Not forgetting the three sheep farmers ‘imported’ from the Mainland…

(Crowdie & Cream Note: The Joiner was ‘Ayatollah Kerr’s’ father, the Weaveress his Grandmother)

Uig Millers

Here are the Millers of Uig, Lewis as recorded in the 1851-1901 censuses:

John Macaulay, 50, Miller, Breasclet, b. Caoles Phas, Inverness-shire

(John Macaulay, 30, Miller, Visitor, Port Esgein, Farm of Strond, b. Harris – visiting his , Mother-in Law, Margaret Kerr)

Marion Macaulay, 40, Miller’s Wife, Breasdale, b. Harris
(John Macaulay, 50, Corn Miller, Visitor, Obb, b. Harris)
Donald Maciver, 23, Miller, Breasdale, b. Uig

Donald Maciver, 32, Miller, Breasclet, b. Uig

Donald Maciver, 42, Miller, Miller’s House, b. Uig
Donald Macdonald, 17, Miller’s Servant

Donald Maciver, 53, Miller, Breasclete Mill House, b. Barvas
(Mary Ann Maciver, 42, Wife, b. Stornoway)

Catherine Mackenzie, 65, Miller’s Wife, MIL, School house, Uig, b. Loch Conan, Ross-shire
(Ronald Macdonald, 37, Scholar Master, b. North Uist)

Donald Maciver, 63, Miller, Mill House, b. Uig
John Maciver, 27, Miller, Son, b. Breasclete

It is clear that the two John Macualys and Donald Maciver were the principle millers at Breascleit (Breasclete). These results also confirm that the ‘Breasdale’ of 1851 is indeed Breascleit.

A fascinating contemporary account of milling on Lewis, especially regarding the imposition of centralised mills upon the populace, can be read here:

A photo of the Old Mill at Breasclete: and another on the RCAHMS site:

Harris Millers

Here are the records of Millers as recorded in the censuses for 1841-1901:

Donald Macaulay , 50, Miller, Obb, b. Inverness

John Macaulay, 30, Miller, VISITOR,Port Esgein, Farm of Strond, b. Harris
Angus Morrison, 26, Blacksmith and Miller, Obe, b. Harris

John Macaulay, 50, Corn Miller, VISITOR, Oab, b. Harris
(Wife, Marion( MS Kerr), at home in Breasdale, Uig, Lewis)

Angus Morrison, 36, Blacksmith, Oab, b. Harris

Matthew Macduley, 23, Miller, Kendebig, b. Harris
Angus Macsween, 33, Assistant Miller, Kendibig, b. Harris

1871-1901 – None Listed

Several questions immediately rise from these slim returns, including what were these particular men milling, where were their mills and why do they disappear after 1861?

John Knox, in  ‘A Tour through the Highlands of Scotland, and the Hebride Isles, in MDCCLXXXVI‘, records that Captain Alexander Macleod, when he was establishing the Harbour and House at Rodel, also constructed a ‘corn and fulling’ mill, with them both powered by one single water-wheel. There are other remains of water-powered mills on the island but it is also known that much of the corn-milling was done domestically by hand.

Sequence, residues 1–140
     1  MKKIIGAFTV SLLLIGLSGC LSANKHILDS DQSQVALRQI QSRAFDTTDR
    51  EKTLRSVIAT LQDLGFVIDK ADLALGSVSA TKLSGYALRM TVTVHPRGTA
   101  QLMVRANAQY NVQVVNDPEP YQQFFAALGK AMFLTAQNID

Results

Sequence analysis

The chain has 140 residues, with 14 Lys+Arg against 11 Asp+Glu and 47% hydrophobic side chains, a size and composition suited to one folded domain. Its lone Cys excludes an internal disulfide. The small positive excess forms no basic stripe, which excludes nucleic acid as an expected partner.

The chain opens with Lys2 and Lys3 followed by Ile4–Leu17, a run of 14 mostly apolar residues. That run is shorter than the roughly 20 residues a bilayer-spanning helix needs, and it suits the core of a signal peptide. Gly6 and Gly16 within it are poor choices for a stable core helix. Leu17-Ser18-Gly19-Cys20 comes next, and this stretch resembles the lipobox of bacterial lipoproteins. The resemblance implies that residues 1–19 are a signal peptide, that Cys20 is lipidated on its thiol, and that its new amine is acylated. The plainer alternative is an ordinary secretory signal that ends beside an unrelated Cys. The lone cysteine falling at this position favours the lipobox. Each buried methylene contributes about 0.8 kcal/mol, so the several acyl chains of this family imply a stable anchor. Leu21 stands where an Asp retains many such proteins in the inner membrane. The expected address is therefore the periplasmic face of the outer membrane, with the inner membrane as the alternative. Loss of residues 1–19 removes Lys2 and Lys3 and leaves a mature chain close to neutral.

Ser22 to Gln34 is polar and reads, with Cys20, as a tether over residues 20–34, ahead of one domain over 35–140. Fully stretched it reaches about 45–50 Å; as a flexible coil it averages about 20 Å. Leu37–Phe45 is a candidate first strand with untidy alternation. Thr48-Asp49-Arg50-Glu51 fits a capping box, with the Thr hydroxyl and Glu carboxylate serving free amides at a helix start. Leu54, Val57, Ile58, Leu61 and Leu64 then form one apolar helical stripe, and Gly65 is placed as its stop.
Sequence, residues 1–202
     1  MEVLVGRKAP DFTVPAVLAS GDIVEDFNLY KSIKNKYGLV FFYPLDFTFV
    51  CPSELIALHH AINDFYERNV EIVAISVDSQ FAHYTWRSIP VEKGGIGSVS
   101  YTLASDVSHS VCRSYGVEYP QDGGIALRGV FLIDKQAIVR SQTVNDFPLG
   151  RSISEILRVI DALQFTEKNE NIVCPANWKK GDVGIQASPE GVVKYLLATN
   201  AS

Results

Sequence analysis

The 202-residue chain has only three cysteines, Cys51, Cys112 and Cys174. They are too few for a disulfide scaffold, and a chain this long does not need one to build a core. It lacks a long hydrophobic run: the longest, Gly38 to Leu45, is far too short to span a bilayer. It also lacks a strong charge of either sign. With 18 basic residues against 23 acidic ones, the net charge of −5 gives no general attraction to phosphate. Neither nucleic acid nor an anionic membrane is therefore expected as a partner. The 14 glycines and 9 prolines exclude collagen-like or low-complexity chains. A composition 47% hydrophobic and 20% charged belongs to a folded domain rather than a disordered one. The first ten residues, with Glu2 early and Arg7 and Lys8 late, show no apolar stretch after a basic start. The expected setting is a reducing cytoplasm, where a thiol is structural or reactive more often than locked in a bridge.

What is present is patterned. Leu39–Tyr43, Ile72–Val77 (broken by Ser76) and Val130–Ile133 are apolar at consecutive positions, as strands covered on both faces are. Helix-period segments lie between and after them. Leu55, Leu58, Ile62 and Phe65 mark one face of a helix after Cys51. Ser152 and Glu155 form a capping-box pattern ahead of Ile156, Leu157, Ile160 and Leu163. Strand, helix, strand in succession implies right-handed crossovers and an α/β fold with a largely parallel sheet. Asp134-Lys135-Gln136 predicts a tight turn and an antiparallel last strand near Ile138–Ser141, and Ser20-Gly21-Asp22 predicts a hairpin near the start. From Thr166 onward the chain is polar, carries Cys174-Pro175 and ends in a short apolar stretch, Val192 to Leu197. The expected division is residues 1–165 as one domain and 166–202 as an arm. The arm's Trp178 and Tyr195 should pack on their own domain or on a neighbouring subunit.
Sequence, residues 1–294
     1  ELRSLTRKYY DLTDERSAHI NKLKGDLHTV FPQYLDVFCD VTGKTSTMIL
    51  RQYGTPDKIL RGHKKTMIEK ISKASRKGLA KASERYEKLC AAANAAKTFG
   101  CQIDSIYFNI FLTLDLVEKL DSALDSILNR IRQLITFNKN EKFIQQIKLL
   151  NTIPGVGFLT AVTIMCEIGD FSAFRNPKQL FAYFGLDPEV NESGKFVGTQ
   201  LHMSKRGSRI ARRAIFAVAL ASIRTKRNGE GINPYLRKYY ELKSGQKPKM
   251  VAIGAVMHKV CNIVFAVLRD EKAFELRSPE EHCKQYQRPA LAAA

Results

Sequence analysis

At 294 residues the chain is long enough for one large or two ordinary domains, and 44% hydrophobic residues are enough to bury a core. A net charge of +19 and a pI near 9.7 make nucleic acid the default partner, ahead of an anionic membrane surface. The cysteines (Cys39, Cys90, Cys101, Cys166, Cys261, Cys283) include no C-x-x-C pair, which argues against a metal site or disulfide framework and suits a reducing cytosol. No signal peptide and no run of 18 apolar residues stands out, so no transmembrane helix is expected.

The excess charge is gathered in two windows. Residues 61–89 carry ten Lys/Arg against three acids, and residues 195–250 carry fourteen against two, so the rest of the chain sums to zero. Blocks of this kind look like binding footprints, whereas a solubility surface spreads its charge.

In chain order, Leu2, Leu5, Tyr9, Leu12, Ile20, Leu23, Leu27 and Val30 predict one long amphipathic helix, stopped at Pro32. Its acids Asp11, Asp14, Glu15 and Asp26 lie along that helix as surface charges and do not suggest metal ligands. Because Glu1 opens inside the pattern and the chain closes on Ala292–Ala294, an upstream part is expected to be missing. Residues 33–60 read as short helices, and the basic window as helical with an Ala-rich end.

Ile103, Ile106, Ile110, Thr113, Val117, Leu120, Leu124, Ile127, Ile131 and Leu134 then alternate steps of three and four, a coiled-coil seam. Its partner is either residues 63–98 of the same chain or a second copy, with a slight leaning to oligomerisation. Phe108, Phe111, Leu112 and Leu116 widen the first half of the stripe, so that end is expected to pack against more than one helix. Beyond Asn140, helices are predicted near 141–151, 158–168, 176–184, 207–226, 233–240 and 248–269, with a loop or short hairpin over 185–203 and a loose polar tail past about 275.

In 1841 and 1851 our sole miller is in An-t-Ob and then in 1861 we have just a pair of millers and they are in Ceann Dibig, the township adjacent to Direcleit in the Bays.

John Macaulay, the Miller from Breascleit, Uig, Lewis is the husband of Marion Macaulay (MS Kerr) and in 1851 is visiting his widowed Mother-in-Law at Port Esgein, Farm of Strond. His wife was the daughter of Angus Kerr the Shoemaker who a decade earlier was in the household of the Factor in Rodel.

Intriguingly, in 1861 John Macaulay is visiting none-other than Angus Morrison, the Blacksmith who a decade earlier had ‘and Miller’ appended to his occupation. He may still have been fulfilling that secondary role in 1861, hence this visit from miller Macaulay?

Angus Morrison, the Blacksmith and (sometime) Miller, was a son of John Morrison, ‘Gobha na Hearadh’, who had been the Blacksmith in An-t-Ob before Angus but had moved to Leac a Li at the time of the Disruption because his favouring the Free Church found him out of favour with the Church of Scotland establishment. John proved as good, if not better, at fashioning hymns out of words as he was at fashioning goods out of metal.